First Bra Experience

One of the things I wanted to dip my feet into this year was bra making. The most popular bra patterns differ from the kinds of bra that I’m used to wearing, but I wanted to approach this like I did with shirt making: just an exercise to learn new techniques. Just to make it clear, I like foam cup bras with as less seams as possible, I’m not too keen on lace, and I usually go for basic colors like black or beige.

I bought in the past two kits and several patterns from Merckwaerdigh, but I never got to making them because I had problems with the measurements (mine didn’t seem to match any given measurements) and I needed some hand-holding at least during the first time.

The Watson Bra has become very popular nowadays, but it’s not underwired, and I figured it was just too basic, and since I don’t own any non-underwired bra since I was 16, this was not for me. I went then for the Marlborough Bra, since it looks so beautiful and everybody seems to be very happy about it. The instructions were very clear, but I’m a visual learner and I was not sure about what to make with all those laces, trims, and elastics, so I purchased the bra making class on Craftsy just to see how things should be done.

The class is mainly about a different pattern (Pin up Girls Classic Bra pattern, not included) but the concepts can be transferred to any other bra pattern. It really helped a lot in losing my fear of sewing bras, since I had these bra kits for several months and I was not able to bring myself to do anything with them. Finally, thanks to this class, I completed a bra in three days just sewing during spare moments.

The teacher insists several times on not trying to do our best job with this first bra. And fear not, this is not my best sewing job by far. Sadly I have to report that I spent more time fighting with my machine than really learning or enjoying the process. Since the outer fabric of the kits is a flimsy knit, I decided to use my walking foot. I don’t know if this was the issue or if I just need to upgrade sewing machine, but I had issues with non even stitches almost all the time. My fabric tended to bunch up just behind my walking foot and I got tiny stitches too often. I switched to a regular foot and even a zipper foot to attach the rings to the bra front and for the hook and eye, but the results were not much better. I have used a brand new stretch needle, for your information, because the outer fabric was a knit.

If you look at it from afar, it doesn’t look bad, and I have to report that it fits almost perfectly. I feels a little bit loose on the band but there could be two reasons for that. First, I have used stretch lace for the back band since it’s what the kit included. With power mesh or even folded lace I guess it would hold better. And second, my elastics got terribly stretched out during sewing, especially the top right. I’m not sure though if I should shorten the back bands, since the aforementioned points could explain this fitting issue.

The cups feel fine but I have something to say, and sadly it’s not a surprise. When I was a teenager and started shopping for bras and find out what I liked, I discovered that I was usually annoyed by seams running against my nipples (sorry for TMI). I switched then to bras without seams on that area and never went back, so I was not sure how I felt about it nowadays. I have to report that I still feel the same, and although making this bra was a wonderful exercise, I don’t feel like making another one to improve it since I won’t wear it due to those seams.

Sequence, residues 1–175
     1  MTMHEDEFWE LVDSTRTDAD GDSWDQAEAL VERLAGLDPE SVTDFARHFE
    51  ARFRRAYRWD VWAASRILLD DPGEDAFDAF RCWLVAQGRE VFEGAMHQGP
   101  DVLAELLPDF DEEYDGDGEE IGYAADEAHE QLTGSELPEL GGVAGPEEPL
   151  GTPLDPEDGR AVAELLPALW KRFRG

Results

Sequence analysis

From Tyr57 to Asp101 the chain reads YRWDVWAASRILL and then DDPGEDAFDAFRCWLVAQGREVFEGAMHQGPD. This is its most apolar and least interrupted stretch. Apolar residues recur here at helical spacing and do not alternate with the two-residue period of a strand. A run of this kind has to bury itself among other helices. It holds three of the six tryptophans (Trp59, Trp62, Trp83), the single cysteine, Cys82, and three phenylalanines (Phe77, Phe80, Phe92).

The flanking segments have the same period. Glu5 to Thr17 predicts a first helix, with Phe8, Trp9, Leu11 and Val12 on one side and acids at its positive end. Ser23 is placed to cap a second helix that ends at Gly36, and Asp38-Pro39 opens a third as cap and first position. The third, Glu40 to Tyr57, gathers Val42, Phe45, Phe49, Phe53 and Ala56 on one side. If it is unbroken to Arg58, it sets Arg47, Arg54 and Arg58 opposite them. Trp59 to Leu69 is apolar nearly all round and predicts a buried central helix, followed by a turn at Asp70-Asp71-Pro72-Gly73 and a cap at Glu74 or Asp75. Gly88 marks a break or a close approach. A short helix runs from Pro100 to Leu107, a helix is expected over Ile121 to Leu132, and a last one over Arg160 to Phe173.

Most bra patterns I’ve seen have seams crossing the cups, and therefore are not suitable for my needs. I found though the following options that could be just what I’m looking for:

And while searching the internet, I found some other interesting stuff:

Corset making and boning:

All above links are from shops in Europe. If you are in a different part of the world, you may need to buy somewhere else.

I had some underwires that I purchased many months ago, so I don’t remember if they came from MakeBra or a local shop, but I had to shorten them a bit since they were too long for this pattern. I then applied several coatings of nail polish on the severed ends. I used blue just for fun to make it match my bra. Another thing that I should say is that this is the most colored bra that I own, and I’m not sure I would feel comfortable with all that lace and color.

And as it’s starting to become common, I leave you here another floating bra to show how it really fits (the things we do for our blogs), since even though my mannequin and me have the same measurements, our proportions are quite different (she has smaller boobs and broader shoulders and ribcage). I made size 34B and it’s the size I usually have for RTW.


  1. It looks great for a first try! I love the fabric you’ve chosen, it’s so fun and bright. I don’t use a walking foot for bra sewing, you want to be able to see what you’re doing, and mine doesn’t give very good visibility. I did find that some slippery knit fabrics I need to use a microtex needle, but for most fabrics any old ball point is fine with my machine. Having said that, if you do make up another one, I would advise to use a much wider zig-zag, and not to do a triple zig-zag at all, you might do them on later bras, but while you’re still learning, they are much easier to rip out.

    1. Thank you for the tips! I didn’t have to rip out while making this bra, it’s just that my stitches were not even and my machine didn’t want to cooperate. I wish my next bra will look as neat as the ones you make 🙂

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